Recent complaints about a property on Park Boulevard have contributed to Worthington leaders trying to tighten code language regarding the use of “tourist homes,” which are prohibited in the city.
Meanwhile, the married couple who live at the house are challenging the city on the code and whether it specifically denies such activity.
Jacqueline Gargus and Tom Huff of 142 Park Blvd. are seeking relief from the statutory ban on “tourist homes,” including an Airbnb, which they operated at their home until recently.
“We feel their laws are not directly applicable,” Huff said.
Lee Brown, Worthington’s director of planning and building, said rentals of a residence by “transient guests” for fewer than 30 days – unless it’s a hotel or similar lodging facility – violates city code.
Gargus and Huff attended the Worthington Board of Zoning Appeals meeting March 5 in response to the code and a citation they received from the city.
The BZA voted 5-0 to uphold the city’s definition of “tourist home,” according to Brown.
Gargus and Huff would have to appeal the BZA’s decision to the Franklin County Court of Common Pleas, Brown said. Or, in another scenario that seems less likely, Worthington City Council could change the city code to allow Airbnbs and similar businesses to operate in the city, he said.
Meanwhile, the Worthington Municipal Planning Commission on Thursday, March 12, will discuss possible amendments to the code regarding “tourist homes” and forward any recommendations to council, which must adopt them because it is a change in the law, Brown said.
Council will not consider any amendments to the code before April, he said.
Brown said that in the 6 1/2 years he has been with the city, he recalls half a dozen phone calls about residents offering rentals through Airbnb and other services.
He said when he has been notified about such activity, the city has investigated the issue. When residents have been found in violation of the law, they have stopped the short-term rentals, he said.
“I don’t think it’s a wide issue throughout the city,” Brown said. “It’s generally been brought to our attention by a neighbor.”
City officials received many letters, emails and calls from neighbors of Gargus and Huff regarding the status of the property being used as an Airbnb rental, according to a staff memorandum from Brown and Laney Nofer, planning and building assistant, included in the BZA meeting documents.
On Nov. 17, code-enforcement officer Chris Keppler mailed a notice to Gargus and Huff, stating that using the single-family house as an Airbnb short-term rental is neither a permitted nor a conditional use in the R-10 Zoning District, according to the memo.
“Short-term rentals through the Airbnb website fall within the meaning of a ‘tourist home’ under the zoning code (1123.73), defined as follows: ‘Tourist home means a building other than a hotel where lodging is provided and offered to the public for compensation for not more than 15 individuals and open to transient guests,’” the memo said. “Therefore, we find that your use of the property as a commercially advertised 'tourist home,' subject to ongoing bookings and stays of multiple and variable lengths for transient guests, is not legally permitted under current municipal zoning ordinances, and must therefore cease.”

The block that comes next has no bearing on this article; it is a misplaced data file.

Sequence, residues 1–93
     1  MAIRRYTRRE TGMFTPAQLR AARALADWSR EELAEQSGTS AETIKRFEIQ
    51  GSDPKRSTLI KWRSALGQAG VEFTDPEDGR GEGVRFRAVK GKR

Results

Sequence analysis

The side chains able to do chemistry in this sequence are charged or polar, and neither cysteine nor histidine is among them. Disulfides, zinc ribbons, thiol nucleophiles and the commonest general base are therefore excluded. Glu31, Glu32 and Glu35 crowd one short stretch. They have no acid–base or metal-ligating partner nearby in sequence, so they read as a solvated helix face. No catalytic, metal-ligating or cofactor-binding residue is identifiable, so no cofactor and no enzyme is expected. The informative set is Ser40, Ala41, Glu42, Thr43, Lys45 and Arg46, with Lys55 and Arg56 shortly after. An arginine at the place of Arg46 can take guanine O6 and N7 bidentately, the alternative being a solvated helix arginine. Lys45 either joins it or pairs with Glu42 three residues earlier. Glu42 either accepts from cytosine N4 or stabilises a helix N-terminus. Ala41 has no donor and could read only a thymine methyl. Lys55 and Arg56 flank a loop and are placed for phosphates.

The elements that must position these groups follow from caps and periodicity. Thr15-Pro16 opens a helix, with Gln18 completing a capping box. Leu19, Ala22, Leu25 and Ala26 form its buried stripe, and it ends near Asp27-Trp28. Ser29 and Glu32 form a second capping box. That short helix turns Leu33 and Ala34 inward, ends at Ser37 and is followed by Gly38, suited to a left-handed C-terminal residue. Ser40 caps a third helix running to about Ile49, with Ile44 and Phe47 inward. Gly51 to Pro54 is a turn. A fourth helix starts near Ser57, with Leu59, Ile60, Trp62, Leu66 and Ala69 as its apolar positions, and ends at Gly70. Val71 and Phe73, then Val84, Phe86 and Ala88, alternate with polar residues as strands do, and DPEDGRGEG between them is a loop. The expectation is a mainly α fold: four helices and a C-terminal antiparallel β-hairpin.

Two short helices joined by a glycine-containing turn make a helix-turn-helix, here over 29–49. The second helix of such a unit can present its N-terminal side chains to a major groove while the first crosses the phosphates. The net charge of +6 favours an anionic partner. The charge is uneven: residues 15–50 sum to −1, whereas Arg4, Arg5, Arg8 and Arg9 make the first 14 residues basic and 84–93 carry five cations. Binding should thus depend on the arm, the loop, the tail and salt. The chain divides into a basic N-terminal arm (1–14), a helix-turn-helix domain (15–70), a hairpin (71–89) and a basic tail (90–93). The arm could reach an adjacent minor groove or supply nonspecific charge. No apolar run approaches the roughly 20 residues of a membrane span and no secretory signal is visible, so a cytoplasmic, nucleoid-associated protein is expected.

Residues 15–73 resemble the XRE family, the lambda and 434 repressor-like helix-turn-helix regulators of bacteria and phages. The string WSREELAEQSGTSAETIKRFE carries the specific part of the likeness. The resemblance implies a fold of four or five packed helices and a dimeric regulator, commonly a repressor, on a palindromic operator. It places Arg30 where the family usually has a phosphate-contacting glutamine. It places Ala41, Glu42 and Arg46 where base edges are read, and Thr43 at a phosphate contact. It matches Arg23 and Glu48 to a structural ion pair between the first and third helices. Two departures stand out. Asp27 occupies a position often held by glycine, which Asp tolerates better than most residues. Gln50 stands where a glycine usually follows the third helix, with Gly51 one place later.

On Dec. 23, Keppler and Lynda Bitar, the city’s planning coordinator, met with Gargus and Huff regarding the interpretations and application of the zoning code regarding “tourist” homes and “transient guests,” the memo said.
The same day, Gargus and Huff appealed the violation order regarding city officials’ interpretation of the definition of “transient,” according to the memo.
On Jan. 9, Gargus asked the city attorney to clarify in writing the basis for the staff interpretation and application of the “tourist home” language to their use of the property and the staff’s rationale for using 30 days as the standard for defining “transient,” the memo said.
On Jan. 31, law director Tom Lindsey responded to the property owners’ request to clarify the terms of the violation order. He said the term “transient” guest applies and the law is clear on renters who stay fewer than 30 consecutive days, the memo said.
City officials believe the language in the code should be upheld regarding the definition of ‘’tourist home,” the documents said. They believe the interpretation of “transient” also should be upheld based on the statutory definition provided by Lindsey, the memo said.
Huff said the couple have stopped renting the house since receiving notice from the city.
He said he and Gargus own three houses in central Ohio, and their main residence is in north Columbus.
He said they occasionally stay at the Park Boulevard property so they are reluctant to rent it a year at a time.
The problems had started Nov. 7, when a renter threw a blowout party on Park Boulevard, Huff said. He said he was upset by the oversized soiree, but the damage with the neighbors already had been done.
Some of the neighbors have become “abusive and inconsolable, yet I’m trying to understand what damage they’ve suffered,” he said.
“We really regret it’s come to this,” Huff said. “We had no intention of this.”
Still, he said, “as a property owner, we have certain rights,” adding that he and Gargus would like to continue to advertise on the Airbnb website for short-term rentals, although they have ceased to do so while they contest the city’s rules.
“It would be useful for us to rent this out,” he said. “We’re not concerned we can’t find 30-day rentals.”